Nominations Sought for the Julius Shiskin Award
The Washington Statistical Society, National Association for Business Economics, and Business and Economics Statistics Section of the American Statistical Association are seeking nominations for the 2017 Julius Shiskin Memorial Award for Economic Statistics.
This annual award is given in recognition of unusually original and important contributions to the development of economic statistics or the use of statistics in interpreting the economy. Contributions can be to the development of new statistical measures, statistical research, use of economic statistics to analyze and interpret economic activity, development of statistical tools, management of statistical programs, or application of data production techniques.
For more information about the award, contact Thomas Evans, Julius Shiskin Award committee secretary, at firstname.lastname@example.org or (202) 691-6354.
Individuals in the public or private sector from any country can be nominated. Completed nominations must be received by March 21. The award will be presented with an honorarium of $1,000. A nomination form and list of previous recipients are available on the ASA website.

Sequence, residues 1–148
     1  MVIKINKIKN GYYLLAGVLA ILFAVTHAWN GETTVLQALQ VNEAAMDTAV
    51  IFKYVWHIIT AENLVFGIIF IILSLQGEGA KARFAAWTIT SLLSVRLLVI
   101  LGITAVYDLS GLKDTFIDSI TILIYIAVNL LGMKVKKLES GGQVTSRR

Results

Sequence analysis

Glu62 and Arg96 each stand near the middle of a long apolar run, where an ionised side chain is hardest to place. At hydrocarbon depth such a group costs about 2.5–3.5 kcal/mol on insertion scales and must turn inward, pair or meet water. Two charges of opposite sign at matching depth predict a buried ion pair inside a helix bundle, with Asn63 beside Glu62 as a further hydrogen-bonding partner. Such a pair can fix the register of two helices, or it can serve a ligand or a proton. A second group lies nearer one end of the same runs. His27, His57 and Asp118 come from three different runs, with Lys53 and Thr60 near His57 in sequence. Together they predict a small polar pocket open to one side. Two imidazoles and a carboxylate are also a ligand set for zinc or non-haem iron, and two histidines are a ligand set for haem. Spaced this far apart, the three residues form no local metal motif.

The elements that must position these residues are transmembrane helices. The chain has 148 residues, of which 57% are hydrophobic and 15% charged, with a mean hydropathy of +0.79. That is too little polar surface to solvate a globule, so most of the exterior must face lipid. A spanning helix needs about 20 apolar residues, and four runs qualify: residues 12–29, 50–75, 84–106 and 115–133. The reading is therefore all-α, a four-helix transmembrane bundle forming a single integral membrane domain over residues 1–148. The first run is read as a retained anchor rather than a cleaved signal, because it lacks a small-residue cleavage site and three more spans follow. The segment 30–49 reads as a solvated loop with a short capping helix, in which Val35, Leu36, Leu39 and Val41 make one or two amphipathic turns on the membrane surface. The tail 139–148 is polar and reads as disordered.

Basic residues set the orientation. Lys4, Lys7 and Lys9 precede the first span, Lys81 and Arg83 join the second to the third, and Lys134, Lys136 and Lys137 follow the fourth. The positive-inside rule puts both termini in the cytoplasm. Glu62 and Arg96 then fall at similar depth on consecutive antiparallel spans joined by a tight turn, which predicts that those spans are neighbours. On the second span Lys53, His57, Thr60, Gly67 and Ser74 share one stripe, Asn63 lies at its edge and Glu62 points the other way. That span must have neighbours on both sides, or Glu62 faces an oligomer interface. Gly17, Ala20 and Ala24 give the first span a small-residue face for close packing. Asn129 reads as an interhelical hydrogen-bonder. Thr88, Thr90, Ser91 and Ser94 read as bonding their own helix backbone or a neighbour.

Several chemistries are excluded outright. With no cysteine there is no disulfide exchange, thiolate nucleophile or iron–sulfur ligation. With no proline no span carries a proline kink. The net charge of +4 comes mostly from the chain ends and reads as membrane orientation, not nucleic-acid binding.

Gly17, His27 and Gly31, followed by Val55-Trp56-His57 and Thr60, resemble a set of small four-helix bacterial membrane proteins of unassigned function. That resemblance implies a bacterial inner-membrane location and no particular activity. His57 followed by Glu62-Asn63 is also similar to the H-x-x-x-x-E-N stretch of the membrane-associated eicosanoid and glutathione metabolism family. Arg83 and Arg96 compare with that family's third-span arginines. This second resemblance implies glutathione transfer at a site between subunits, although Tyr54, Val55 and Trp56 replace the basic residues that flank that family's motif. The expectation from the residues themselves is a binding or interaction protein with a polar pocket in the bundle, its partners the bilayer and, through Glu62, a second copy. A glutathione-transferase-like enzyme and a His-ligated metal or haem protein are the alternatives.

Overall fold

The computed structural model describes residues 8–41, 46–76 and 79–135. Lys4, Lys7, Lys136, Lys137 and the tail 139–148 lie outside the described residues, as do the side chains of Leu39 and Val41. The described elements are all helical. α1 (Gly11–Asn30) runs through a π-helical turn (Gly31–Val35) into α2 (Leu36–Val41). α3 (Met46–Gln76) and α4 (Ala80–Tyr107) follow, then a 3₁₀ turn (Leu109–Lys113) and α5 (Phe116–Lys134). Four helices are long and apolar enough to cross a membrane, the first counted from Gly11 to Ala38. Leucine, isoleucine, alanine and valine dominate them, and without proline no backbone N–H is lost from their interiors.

This award was established in 1979 to honor Julius Shiskin, who at the time of his death in 1978 was commissioner of the Bureau of Labor Statistics (BLS). He earlier served as chief statistician at the Office of Management and Budget (OMB) and assistant director at the U.S. Census Bureau. At the Census Bureau, he was instrumental in developing an electronic computer method for seasonal adjustment. At OMB, he developed the policies that still govern the release of key economic indicators, and, at BLS, he directed the comprehensive revision of the Consumer Price Index (CPI), which included a new CPI for all urban consumers.
The 2016 award recipient was John Abowd, Edmund Ezra Day Professor at Cornell University and associate director for research and methodology and chief scientist at the Census Bureau, for designing and implementing disclosure avoidance techniques that enable federal statistical agencies to greatly expand the availability of their data while preserving respondents’ confidentiality and for his leadership at Cornell providing access to these data over the internet.